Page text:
With advancements in Internet and media technology making it easy, media piracy has increased. So have the lawsuits.

Here's a look at some of last year's intellectual property battles, and the arguments they made.

Universal Music announced a lawsuit against MySpace, accusing the social networking site of encouraging piracy. The music giant insists that illegally used songs and music videos have played a large role in attracting users and advertisers, and blames MySpace for not doing enough to police its site.

The rapper's publishing companies, Eight Mile Style and Martin Affiliated, filed suit to block six companies from illegally selling Eminem songs as ring tones online. Judgments have been made against the defendants and many of the companies have agreed to license arrangements for future use of the songs.

The Beatles brought a lawsuit against Apple Computer, claiming that its iTunes music store infringed on the Beatles' Apple Corps record company's logo. The Beatles, which have been resistant to making their songs available on the Internet, have been accused of using the lawsuit as leverage in the negotiations to sell Beatles songs through iTunes.

Trade groups representing music publishers have threatened many guitar tablature sites with lawsuits. Largely used by amateur musicians, sites such as olga.net and guitartabs.com offer pages on how to play popular songs. Most of the content is user-generated and offered for free, but publishers claim it is illegal to post the tabs, which are property of the songwriters and music companies.

A Playboy bunny's high school portrait appeared on the Playmate's biography page, bringing a copyright infringement suit against the magazine. Mother Lode Photography, a small photography studio in Shingle Springs, CA, took the photo but never gave Playboy magazine permission to use it in its 50th anniversary issue.

A group of rock stars, including members of Santana, Led Zeppelin and the Grateful Dead, sued a memorabilia vendor for selling unauthorized merchandise and promotional items, as well as offering free concert recordings on his Website, Wolfgang's Vault.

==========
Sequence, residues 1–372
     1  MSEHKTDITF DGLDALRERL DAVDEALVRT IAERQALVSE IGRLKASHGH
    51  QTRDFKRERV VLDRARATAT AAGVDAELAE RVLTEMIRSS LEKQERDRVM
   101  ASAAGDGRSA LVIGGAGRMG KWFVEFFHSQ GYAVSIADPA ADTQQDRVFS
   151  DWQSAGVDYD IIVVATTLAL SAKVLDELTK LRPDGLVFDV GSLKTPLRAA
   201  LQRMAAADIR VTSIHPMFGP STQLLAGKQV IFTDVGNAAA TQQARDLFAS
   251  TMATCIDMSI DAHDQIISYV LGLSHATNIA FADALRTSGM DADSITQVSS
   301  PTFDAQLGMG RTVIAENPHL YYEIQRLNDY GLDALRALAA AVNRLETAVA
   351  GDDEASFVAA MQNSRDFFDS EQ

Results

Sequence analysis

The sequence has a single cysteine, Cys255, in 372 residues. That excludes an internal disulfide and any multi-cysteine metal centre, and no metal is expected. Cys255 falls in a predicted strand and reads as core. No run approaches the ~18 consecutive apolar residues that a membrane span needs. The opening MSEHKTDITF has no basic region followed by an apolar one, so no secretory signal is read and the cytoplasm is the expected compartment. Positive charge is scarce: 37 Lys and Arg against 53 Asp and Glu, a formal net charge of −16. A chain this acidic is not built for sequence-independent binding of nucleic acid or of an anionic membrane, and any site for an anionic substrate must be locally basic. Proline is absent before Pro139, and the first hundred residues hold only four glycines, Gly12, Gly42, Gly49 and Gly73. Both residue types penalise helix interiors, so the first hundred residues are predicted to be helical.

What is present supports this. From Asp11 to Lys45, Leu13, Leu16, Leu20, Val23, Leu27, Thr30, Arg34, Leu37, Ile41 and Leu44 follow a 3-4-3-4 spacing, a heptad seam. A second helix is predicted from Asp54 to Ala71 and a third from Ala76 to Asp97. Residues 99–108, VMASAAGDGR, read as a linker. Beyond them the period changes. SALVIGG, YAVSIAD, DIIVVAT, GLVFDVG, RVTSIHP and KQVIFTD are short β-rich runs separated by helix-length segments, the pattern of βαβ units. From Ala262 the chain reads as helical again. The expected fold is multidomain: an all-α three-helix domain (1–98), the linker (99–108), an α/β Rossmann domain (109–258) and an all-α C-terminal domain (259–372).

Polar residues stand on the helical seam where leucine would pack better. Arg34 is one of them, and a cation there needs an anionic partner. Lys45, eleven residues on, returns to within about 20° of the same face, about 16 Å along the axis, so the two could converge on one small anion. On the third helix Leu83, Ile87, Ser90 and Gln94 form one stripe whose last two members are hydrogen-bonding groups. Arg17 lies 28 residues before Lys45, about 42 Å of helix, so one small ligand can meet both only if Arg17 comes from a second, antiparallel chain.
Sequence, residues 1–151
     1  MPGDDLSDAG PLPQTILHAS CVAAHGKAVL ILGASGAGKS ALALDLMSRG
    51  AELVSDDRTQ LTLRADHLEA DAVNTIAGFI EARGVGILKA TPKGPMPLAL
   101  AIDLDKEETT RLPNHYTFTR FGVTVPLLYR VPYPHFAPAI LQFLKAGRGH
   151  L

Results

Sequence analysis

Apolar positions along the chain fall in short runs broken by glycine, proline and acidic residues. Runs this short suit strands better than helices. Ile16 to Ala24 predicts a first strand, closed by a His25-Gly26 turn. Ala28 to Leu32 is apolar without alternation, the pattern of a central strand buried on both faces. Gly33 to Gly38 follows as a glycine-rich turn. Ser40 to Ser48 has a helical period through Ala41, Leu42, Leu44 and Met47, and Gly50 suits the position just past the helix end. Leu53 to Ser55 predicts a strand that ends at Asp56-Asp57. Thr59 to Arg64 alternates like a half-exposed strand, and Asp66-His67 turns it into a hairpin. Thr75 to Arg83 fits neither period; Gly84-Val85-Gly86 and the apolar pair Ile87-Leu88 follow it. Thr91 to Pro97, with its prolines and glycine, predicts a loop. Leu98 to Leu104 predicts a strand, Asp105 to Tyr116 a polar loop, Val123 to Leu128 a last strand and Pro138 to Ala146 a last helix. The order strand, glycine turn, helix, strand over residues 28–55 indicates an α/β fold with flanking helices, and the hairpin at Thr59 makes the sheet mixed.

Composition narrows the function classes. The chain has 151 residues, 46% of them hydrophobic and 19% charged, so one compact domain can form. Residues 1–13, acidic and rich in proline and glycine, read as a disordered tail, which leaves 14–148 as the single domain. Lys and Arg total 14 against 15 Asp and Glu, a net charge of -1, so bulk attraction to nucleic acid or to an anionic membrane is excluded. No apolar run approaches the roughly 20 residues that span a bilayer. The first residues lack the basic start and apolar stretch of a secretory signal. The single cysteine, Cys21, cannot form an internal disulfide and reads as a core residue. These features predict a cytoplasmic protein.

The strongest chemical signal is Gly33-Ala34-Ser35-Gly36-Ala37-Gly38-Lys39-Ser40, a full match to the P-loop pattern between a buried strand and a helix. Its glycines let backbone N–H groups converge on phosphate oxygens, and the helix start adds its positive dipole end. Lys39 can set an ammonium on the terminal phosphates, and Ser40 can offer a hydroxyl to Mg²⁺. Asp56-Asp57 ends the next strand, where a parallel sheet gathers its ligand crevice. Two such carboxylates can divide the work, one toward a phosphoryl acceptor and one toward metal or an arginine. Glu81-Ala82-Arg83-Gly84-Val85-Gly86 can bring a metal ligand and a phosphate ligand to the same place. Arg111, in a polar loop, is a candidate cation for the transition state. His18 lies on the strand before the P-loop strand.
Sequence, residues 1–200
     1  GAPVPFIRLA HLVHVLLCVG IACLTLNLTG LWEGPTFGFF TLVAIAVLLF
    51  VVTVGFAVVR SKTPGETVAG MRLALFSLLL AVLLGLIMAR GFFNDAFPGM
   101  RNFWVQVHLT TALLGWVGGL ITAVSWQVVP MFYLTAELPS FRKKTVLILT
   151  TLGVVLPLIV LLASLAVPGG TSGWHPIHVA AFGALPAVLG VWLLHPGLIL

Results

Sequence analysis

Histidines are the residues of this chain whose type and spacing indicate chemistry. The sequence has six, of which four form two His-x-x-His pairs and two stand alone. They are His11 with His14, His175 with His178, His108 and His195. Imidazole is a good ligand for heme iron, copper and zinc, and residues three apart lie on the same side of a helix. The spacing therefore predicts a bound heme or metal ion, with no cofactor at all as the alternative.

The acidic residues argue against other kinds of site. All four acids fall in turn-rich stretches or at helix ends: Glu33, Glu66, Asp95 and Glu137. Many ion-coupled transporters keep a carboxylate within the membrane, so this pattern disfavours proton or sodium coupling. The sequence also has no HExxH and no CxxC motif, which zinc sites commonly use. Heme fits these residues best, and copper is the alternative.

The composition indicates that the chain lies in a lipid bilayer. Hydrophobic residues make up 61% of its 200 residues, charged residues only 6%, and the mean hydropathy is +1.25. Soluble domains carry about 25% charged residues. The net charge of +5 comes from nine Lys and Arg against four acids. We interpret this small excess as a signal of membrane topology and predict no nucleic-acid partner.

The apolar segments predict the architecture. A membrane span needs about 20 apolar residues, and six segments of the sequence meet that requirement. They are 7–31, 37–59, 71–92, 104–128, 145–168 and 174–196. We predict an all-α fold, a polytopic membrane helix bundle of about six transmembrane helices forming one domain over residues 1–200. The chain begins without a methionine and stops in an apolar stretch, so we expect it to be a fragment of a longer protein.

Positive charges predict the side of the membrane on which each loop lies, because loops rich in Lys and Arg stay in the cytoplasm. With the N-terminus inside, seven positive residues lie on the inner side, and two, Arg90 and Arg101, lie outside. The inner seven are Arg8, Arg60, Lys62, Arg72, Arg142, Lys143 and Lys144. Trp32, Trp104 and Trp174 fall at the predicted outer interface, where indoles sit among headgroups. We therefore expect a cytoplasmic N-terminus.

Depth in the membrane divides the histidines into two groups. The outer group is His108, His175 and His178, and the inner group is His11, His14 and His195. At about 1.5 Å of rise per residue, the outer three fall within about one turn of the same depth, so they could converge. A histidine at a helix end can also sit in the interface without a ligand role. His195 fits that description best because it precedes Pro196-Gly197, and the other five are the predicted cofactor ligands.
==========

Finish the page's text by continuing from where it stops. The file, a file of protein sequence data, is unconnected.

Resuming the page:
McGraw-Hill took Halfvalue to court over a trademark and copyright dispute. The publisher accused Halfvalue of illegally importing low-quality, foreign editions of McGraw-Hill books and then selling them at a drastically reduced price. The defendants have since agreed to cease imports and pay an undisclosed amount.

When the original Napster shut down in 2001, millions of users flocked to other song-swapping networks. The entertainment industry, however, has started going after the Napster imitators, as well. Companies like Morpheus, and Grokster have been forced to shape up or shut down. Kazaa settled for $100 million and announced it would introduce a legitimate file sharing service.

Major record labels sued XM Satellite Radio, alleging that the company's new device, which allows users to digitally record songs, constitutes copyright infringement. The music groups are asking the satellite radio firm to pay higher licensing fees, comparable to those paid by music retailers like iTunes.

When Google bought YouTube for $1.65 billion, the Internet giant put $200 million in a war chest to fight lawsuits. As expected, the large volume of unlicensed media that gets uploaded to YouTube has brought a flurry of copyright infringement claims.